Fig. 2 Characterization of luminescence processes on an EC and on a BKG region.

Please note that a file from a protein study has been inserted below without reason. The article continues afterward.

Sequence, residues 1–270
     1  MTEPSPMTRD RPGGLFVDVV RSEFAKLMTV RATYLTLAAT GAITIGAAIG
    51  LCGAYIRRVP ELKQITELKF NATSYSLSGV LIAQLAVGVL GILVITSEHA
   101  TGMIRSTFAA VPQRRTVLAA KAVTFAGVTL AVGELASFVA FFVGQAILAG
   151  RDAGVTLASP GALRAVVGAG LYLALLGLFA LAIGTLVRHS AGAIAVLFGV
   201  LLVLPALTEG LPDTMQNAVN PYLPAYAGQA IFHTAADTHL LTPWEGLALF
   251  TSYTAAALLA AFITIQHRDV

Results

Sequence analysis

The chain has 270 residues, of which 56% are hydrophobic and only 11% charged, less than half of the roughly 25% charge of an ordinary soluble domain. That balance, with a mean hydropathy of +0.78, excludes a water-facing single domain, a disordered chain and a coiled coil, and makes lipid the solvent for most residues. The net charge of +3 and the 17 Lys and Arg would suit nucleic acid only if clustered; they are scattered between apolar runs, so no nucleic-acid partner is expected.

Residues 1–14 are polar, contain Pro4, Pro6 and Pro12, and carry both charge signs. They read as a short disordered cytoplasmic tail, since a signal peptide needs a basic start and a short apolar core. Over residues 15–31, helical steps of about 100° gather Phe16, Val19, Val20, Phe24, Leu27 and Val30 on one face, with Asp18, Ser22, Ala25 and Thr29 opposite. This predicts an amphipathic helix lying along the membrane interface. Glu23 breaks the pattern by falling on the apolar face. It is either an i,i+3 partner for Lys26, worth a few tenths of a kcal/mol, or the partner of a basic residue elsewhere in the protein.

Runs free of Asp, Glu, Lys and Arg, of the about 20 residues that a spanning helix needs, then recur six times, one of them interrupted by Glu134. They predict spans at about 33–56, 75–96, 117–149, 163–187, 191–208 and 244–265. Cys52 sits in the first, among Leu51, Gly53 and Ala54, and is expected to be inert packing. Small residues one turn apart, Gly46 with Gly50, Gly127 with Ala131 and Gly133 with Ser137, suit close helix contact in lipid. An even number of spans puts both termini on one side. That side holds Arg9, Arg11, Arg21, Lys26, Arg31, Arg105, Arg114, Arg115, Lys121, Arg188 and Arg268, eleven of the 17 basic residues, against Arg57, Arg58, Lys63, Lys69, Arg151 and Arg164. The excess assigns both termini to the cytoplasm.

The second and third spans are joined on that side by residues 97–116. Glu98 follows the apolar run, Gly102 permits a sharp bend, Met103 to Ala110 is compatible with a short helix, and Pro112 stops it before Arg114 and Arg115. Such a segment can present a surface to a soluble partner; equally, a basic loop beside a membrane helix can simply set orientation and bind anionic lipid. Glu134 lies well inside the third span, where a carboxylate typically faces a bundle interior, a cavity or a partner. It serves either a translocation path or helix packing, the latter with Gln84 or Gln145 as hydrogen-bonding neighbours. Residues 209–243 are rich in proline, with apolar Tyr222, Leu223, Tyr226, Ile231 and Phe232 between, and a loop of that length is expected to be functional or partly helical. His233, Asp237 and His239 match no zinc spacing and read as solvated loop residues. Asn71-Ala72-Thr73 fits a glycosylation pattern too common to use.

(A) LDOS map of the C60 CB in the vicinity of an EC on Ag(111), constant height; voltage applied between tip and sample, U = 1.2 V. (B) Luminescence versus current function, P(I), measured on an EC, U = −3.0 V. A sublinear dependence is observed. (C) LDOS map of the VB in the vicinity of an EC, constant height, U = −3.0 V. (D) Constant height photon map of an EC. The molecules with the highest luminescence intensity are marked by white dashed circles to emphasize the similarity with the VB map (C). Color scale, 0 to 16 kcts/s. (E) Schematic energy diagram of STM-induced excitonic luminescence on C60 films. (F) LDOS map of the CB of a C60 film on Au(111) with BKG emission, constant height, U = 1.5 V. (G) P(I) for BKG luminescence showing a linear dependence of intensity on current, U = −3.0 V. (H) LDOS map of the VB of a BKG surface region, constant height, U = −3.1 V. (I) Constant height photon map of a BKG surface region. The molecules with the highest luminescence intensity are marked by white dashed circles to emphasize the similarity with the CB map (F). Color scale, 0 to 23 kcts/s. (J) Schematic energy diagram of STM-induced plasmonic luminescence on C60 films. All STM and photon maps have dimensions of 5 nm × 5 nm.